Stephen Covey Quadrant System – Should I E-file My Taxes Online

Is e-filing a better way to file your taxes? 

Americans and the IRS may not agree about everything, but they are mostly on precisely the same page when it comes to e-filing individual income tax returns.

Nearly all individual income tax returns submitted to the IRS are e-filed.  E-filing is popular because it is a win-win for taxpayers and the IRS.

When you e-file your federal income tax return, you conserve the IRS money because its employees don’t have to spend time manually processing your return. And in return, you could get any refund you are owed quicker, particularly if you have it directly deposited into your bank accounts.

However, what about security?  And can digital filing actually give you access to all the forms you may need in case you have a intricate tax situation?  Are there situations when you can not e-file?  Let’s look at the advantages of e-filing, and if it might be the best filing option for your needs.

If you’re thinking about e-filing, some of the advantages include:

  1. Quick affirmation your forms are received: The IRS will confirm a tax filing has been received within one day of electronic submission.  For paper filers, the IRS doesn’t send any acknowledgment your forms have arrived safely. 
  2. Timely refunds: When you publish a paper filing, it can take six to eight weeks to be given a tax refund.  With e-filing, you’ll receive your money in three weeks or not.  Choosing direct deposit can also accelerate the refund process.

  3. Reduced chance of mistakes: According to the IRS, there’s around a 1 percent error rate on e-filed yields, compared with a 20% speed of errors on paper filings.  The IRS also provides more info on problems discovered on e-filed returns compared with paper returns.

  4. Simple payment process: If you owe the IRS money, it’s easier to cover at your advantage if you e-file.  It’s possible to submit returns early and pay later if needed, as long as you pay from the April 15 filing deadline.  And you can schedule electronic money transfers to send the IRS what you owe on a date of your choosing — again, provided that the IRS receives your payment by Tax Day. You also have the option to pay your balance by making use of the IRS Immediate pay service from the checking account or savings account, submitting a credit card through a payment processor for a fee, or paying by check or money order. 

  5. Digital storage of tax information: Submitting returns electronically implies there’s a digital backup of your tax documents.  If something happens to your paperwork, then you’ll have an electronic backup.

The good news: Most taxpayers do decide to e-file and get those advantages — and the process of doing so is easy.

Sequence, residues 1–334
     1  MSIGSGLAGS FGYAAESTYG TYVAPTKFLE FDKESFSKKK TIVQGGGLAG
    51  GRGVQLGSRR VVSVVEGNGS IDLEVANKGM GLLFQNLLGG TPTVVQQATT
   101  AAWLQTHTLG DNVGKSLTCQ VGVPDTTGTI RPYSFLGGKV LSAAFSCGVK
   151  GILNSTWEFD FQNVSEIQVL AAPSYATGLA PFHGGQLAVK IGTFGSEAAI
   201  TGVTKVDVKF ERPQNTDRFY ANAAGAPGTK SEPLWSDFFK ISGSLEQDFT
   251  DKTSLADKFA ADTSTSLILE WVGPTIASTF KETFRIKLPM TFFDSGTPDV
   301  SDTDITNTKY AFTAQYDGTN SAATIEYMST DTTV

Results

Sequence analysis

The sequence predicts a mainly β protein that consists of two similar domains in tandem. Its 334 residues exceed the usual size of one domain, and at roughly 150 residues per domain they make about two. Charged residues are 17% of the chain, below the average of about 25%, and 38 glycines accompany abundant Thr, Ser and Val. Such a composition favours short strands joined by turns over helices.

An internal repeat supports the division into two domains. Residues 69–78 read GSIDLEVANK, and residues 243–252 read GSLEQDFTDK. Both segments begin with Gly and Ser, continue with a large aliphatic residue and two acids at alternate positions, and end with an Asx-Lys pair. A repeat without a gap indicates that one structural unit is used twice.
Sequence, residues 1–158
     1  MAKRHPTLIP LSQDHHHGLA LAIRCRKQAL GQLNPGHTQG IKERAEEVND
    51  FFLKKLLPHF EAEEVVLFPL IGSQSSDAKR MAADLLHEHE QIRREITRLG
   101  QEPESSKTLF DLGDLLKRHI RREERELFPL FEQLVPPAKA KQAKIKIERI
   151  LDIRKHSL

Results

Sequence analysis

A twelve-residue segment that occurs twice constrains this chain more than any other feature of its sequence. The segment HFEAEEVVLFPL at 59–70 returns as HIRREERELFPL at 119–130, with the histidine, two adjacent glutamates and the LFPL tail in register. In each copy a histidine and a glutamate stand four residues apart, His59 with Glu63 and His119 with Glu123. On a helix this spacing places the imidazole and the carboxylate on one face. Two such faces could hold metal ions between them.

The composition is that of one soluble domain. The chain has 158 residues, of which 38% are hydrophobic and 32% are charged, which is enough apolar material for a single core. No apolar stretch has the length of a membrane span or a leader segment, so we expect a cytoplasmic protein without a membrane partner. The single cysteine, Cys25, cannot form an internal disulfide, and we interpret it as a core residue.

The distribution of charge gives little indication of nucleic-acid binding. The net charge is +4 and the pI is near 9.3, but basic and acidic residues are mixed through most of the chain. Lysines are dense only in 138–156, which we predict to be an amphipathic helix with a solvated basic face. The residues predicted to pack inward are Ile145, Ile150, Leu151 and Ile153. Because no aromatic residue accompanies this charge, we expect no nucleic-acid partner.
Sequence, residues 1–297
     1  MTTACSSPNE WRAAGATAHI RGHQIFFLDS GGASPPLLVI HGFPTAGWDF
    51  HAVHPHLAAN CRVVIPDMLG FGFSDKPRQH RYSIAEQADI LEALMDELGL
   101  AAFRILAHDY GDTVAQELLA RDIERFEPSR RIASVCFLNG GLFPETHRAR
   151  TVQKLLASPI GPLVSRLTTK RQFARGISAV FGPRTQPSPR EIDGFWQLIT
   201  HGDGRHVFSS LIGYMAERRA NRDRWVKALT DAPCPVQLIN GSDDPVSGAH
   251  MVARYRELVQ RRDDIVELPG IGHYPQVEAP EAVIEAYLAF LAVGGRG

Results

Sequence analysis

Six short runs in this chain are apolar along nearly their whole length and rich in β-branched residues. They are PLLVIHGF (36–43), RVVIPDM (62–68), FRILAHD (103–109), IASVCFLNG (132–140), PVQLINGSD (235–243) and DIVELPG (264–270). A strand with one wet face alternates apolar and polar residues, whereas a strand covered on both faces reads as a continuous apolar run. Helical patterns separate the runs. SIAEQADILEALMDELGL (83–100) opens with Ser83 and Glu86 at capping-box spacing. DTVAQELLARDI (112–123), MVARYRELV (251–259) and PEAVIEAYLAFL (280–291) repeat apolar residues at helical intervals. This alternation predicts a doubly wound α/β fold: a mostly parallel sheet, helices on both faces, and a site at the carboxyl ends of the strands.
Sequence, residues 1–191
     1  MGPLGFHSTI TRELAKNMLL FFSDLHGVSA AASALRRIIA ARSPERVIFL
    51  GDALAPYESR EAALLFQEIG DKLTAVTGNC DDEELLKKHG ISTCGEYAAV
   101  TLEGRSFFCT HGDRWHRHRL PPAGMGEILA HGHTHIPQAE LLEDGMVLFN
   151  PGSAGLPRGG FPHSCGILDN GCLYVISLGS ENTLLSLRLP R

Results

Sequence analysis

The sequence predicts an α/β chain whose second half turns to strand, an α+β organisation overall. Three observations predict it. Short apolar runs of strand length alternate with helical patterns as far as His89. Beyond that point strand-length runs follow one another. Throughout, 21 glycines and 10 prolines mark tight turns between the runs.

You have four choices for submitting an electronically filed tax return to the IRS.

  • Free File Fillable Types — If your income is more than $72,000 and you are comfortable doing your earnings without assistance, you can use Free File Fillable Forms from the IRS. The forms do the math for you and offer basic guidance.  You can simply do your federal return with all these kinds. 
  • Utilize an internet tax preparation tax or service software: Tax prep software and online filing services are alternatives.  These choices are an easy way to finish and e-file your own forms.  Some applications providers charge for their programs, Some are liberated.   The software asks you simple questions about your own life and finances to guide you through the completion of your forms.  
  • Get complimentary, in-person tax aid: In most states, you will find volunteers to help prepare and e-file yields.  However, eligibility for free help is normally restricted based on income, and a few providers appeal to particular demographic groups.  By way of example, Tax Counseling for the Elderly programs focus primarily on helping filers who are 60 and older.  The IRS maintains a database of licensed providers, but be aware this option is very likely to be the most costly one. 

    Employing online tax prep software is far and away the favored approach of the majority of taxpayers.  In fact, the IRS says it anticipated over four tax returns to be filed through tax return prep software.

    Is e-filing really stable?

    While e-filing is suitable, you may worry about security — particularly with all these data breaches.  But experts agree that this is not a problem that should deter you by e-filing.

    “In actuality, it may be more secure than paper filing since you’re sending your private information through an encrypted network as opposed to exposing your data in the email.”

    Dennis Chow, vice president of data security at SCIS Security, clarifies the IRS has put safety measures in place to keep your information secure.  “Trainers normally use IRS particular APIs that need ab sessions,” Chow says.  “All of this can be routed over TLS encrypted connections.”

    It is important to employ a trustworthy service that will assist you file your taxes.  Chow advises not to e-file on a public computer or utilize an internet connection that is not confidential.

    Bottom line

    For many taxpayers, it makes sense to e-file a yield since it’s the most convenient way to file your tax information to the IRS and it allows for timely refunds and easy payment options.  Just make certain to use tax planning software from a dependable source, so you can ensure the information you provide to transmit to the IRS will be kept secure.